LIVE Mauna Loa lava flow crawls toward highway

Dec. 4—Related Photo Gallery: Mauna Loa lava flow slows but fissure still active

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UPDATE: 10:15 a.m.

There has been little change to the northeast rift zone eruption of Mauna Loa over the past 24 hours, according to the Hawaiian Volcano Observatory.

A lava flow fed by Fissure No. 3 continues to travel north toward the Daniel K. Inouye Highway, but has been slowed after reaching flat ground. The flow was moving at a rate of about 40 feet per hour over the past 24 hours and was about 2.5 miles from the road as of 7 a.m.

As previously reported, advance rates will be difficult to predict in the coming days.

According to officials, lava flows advance more slowly, spread out and inflate when on the flat ground between Mauna Loa and Mauna Kea. It is possible that individual lobes may advance quickly before stalling. Further breakouts may occur if lava channels get blocked upslope, HVO said.


A map showing Mauna Loa eruption activity as of Saturday at 10:30 a.m.

Click here to view the map.


HVO geologists observed glowing cracks in the area of Fissure No. 4 during a monitoring flight this morning. The fissure is no longer active, leaving Fissure No. 3 as the lone source of lava flow.

Pele's hair has now been reported as far as Laupāhoehoe.


Mauna Loa's historic eruption entered its sixth day today.

Two fissures were active as of Friday afternoon, with another two no longer active, according to the Hawaiian Volcano Observatory.

A cone measuring about 157 feet high was developing around Fissure No. 3, HVO said Saturday.

Fissure No. 4 remains active and is feeding lava flows toward the northeast.

Fissures 1 and 2 are no longer active.

Fissure No. 3 remains the dominant source of the largest lava flow, which is slowly creeping toward the Daniel K. Inouye Highway, also known as Saddle Road. Advance of the largest flow has slowed significantly over the past two days as lava reached the relatively flat Saddle area.

>> RELATED: Mauna Loa's lava speed unpredictable while it creeps closer to highway

Officials Friday said advance rates could be variable as the flow moves over flat ground, meaning it will be difficult to predict if or when the flow will reach the critical transportation route. Previous estimates from HVO officials said it would take at least two weeks for the leading edge of the lava flow to reach the road.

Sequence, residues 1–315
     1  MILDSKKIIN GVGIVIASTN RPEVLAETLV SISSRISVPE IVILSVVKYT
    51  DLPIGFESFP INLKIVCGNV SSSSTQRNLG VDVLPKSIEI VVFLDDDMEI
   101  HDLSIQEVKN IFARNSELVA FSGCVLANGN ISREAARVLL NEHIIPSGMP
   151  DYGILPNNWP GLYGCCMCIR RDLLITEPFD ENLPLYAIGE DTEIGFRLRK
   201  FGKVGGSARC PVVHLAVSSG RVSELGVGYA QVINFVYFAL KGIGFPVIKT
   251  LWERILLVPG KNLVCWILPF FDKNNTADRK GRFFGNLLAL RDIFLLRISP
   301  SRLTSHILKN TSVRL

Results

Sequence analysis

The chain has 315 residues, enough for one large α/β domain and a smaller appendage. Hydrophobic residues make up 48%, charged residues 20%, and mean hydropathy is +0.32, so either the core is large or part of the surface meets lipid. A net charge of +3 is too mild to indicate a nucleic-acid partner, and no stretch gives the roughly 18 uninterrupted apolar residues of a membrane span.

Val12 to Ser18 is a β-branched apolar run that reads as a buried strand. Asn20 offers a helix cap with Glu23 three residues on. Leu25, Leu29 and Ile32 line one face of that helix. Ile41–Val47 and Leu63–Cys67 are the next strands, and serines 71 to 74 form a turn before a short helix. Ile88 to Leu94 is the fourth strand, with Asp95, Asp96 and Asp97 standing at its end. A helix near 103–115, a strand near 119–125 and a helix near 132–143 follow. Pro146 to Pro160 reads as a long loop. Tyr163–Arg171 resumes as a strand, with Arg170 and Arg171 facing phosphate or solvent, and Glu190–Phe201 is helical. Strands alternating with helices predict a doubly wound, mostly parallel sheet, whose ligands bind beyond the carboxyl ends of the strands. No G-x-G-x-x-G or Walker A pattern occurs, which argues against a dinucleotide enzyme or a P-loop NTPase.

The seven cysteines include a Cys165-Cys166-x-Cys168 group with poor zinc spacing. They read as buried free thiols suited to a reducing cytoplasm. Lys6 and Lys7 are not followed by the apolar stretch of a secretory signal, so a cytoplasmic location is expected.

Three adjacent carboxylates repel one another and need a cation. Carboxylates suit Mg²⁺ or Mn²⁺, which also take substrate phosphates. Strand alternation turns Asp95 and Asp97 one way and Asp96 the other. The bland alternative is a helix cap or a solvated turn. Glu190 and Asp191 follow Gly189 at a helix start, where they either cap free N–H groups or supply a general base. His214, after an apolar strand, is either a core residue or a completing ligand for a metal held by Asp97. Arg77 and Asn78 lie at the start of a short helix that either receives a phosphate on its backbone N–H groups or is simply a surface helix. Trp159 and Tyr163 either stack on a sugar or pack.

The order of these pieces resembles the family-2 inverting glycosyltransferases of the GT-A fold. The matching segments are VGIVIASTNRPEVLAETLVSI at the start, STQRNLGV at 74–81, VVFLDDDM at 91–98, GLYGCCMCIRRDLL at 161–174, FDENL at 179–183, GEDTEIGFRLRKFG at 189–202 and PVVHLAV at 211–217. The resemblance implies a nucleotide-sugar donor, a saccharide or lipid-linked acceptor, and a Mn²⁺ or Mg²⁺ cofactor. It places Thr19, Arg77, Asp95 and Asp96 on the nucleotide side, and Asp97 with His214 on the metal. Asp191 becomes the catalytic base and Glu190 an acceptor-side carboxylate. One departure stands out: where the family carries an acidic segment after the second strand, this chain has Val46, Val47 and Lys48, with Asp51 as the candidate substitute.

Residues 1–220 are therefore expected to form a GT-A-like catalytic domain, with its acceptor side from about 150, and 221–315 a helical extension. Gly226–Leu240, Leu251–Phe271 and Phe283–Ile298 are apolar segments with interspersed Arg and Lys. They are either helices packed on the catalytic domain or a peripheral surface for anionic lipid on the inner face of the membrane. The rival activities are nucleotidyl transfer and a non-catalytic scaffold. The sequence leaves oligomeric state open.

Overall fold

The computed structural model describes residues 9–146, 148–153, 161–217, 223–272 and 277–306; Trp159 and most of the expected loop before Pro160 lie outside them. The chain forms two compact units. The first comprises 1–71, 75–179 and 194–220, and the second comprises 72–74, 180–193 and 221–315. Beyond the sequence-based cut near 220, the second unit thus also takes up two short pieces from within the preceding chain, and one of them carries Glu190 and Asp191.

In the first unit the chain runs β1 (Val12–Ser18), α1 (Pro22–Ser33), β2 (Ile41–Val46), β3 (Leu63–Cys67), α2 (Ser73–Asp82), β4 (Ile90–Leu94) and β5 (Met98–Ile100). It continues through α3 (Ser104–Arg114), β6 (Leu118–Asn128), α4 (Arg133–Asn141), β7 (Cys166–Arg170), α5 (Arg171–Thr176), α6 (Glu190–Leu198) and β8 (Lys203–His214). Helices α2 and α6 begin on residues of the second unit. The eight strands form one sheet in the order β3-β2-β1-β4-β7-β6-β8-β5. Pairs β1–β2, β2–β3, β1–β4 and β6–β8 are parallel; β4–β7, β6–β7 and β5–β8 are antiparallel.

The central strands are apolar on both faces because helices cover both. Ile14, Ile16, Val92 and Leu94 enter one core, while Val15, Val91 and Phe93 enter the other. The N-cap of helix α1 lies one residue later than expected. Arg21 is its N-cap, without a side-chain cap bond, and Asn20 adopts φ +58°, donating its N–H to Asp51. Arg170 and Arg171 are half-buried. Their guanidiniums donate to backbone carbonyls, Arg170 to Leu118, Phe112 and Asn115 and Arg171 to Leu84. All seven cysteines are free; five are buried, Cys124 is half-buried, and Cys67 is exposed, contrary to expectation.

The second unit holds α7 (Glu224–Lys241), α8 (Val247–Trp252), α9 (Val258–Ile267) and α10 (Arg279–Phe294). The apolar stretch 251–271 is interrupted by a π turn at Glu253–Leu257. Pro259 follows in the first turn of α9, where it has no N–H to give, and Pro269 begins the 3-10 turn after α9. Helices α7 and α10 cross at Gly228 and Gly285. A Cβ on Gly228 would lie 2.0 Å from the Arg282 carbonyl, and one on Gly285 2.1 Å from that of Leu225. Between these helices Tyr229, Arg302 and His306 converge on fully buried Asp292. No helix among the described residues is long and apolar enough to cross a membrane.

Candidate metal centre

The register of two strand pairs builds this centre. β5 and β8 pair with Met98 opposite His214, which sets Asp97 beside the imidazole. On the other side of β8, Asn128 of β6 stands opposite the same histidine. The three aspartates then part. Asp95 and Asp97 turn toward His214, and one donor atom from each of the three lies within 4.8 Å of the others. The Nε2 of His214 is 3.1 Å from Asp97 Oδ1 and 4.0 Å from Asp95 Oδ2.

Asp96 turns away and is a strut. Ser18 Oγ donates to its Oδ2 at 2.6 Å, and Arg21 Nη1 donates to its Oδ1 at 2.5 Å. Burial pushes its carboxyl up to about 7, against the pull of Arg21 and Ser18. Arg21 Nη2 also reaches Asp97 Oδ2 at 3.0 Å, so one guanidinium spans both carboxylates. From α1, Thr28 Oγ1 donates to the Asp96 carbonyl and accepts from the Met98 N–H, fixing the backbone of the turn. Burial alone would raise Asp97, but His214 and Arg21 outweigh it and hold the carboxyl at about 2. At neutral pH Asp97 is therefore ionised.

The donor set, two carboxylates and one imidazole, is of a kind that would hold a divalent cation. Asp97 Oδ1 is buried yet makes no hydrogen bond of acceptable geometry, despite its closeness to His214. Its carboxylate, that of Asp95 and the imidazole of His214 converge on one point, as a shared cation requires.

Julia Hammer, University of Hawaii at Manoa volcanology professor, on Friday said the flow might reach the highway in five to seven days.

"But it might not even get to the road, depending on what happens upstream," she said on the Honolulu Advertiser's "Spotlight Hawaii" livestream program.

The lava flow's leading edge was more than 2 miles from the highway as of this morning. It was advancing at an average rate of 150 feet per hour Friday, though its current speed has not been reported.

Julia Hammer, University of Hawaii at Manoa volcanology professor, on Friday said the flow might reach the highway in five to seven days.

Daniel K. Inouye Highway is open in both directions, though drivers should expect delays between the 28 and the 34 mile markers due to traffic. The highway's speed limit has been reduced to 35 mph near the Mauna Kea Access Road and Gilbert Kahele Park, Hawaii County Civil Defense Agency said in a release today.

Hawaii island Mayor Mitch Roth on Friday noted the opening of a viewing area on old Saddle Road. He said and estimated 2,000 cars used the area to park Thursday night, allowing visitors to view the eruption and flow from a safe distance.


A map of the new traffic route to help mitigate traffic concerns due to the Mauna Loa eruption. Click here to view the map.


Meanwhile, the Hawaii Emergency Management Agency sent a four-person team to Hilo to assist with the county's emergency response effort. The agency is also analyzing potential impacts to the Big Island economy, infrastructure and transportation network if the eruption were to damage Daniel K. Inouye Highway or other significant community assets.

"While the lava is moving very slowly at the moment and doesn't pose an imminent hazard to populated areas, it's still a hazard with huge destructive potential," HI-EMA Administrator Luke Meyers said in a statement. "We wouldn't be doing our jobs if we didn't work to define the possible impacts and recommend ways to reduce or eliminate them."

Volcanic gas plumes are lofting high and vertically into the atmosphere, generating vog in areas to the west. Pele's hair, or strands of volcanic glass, is falling and has been reported as far the Mauna Kea Visitor Information Station.

The last measurement of sulfur dioxide (SO2) emission rates read approximately 180,000 tonnes per day on Thursday.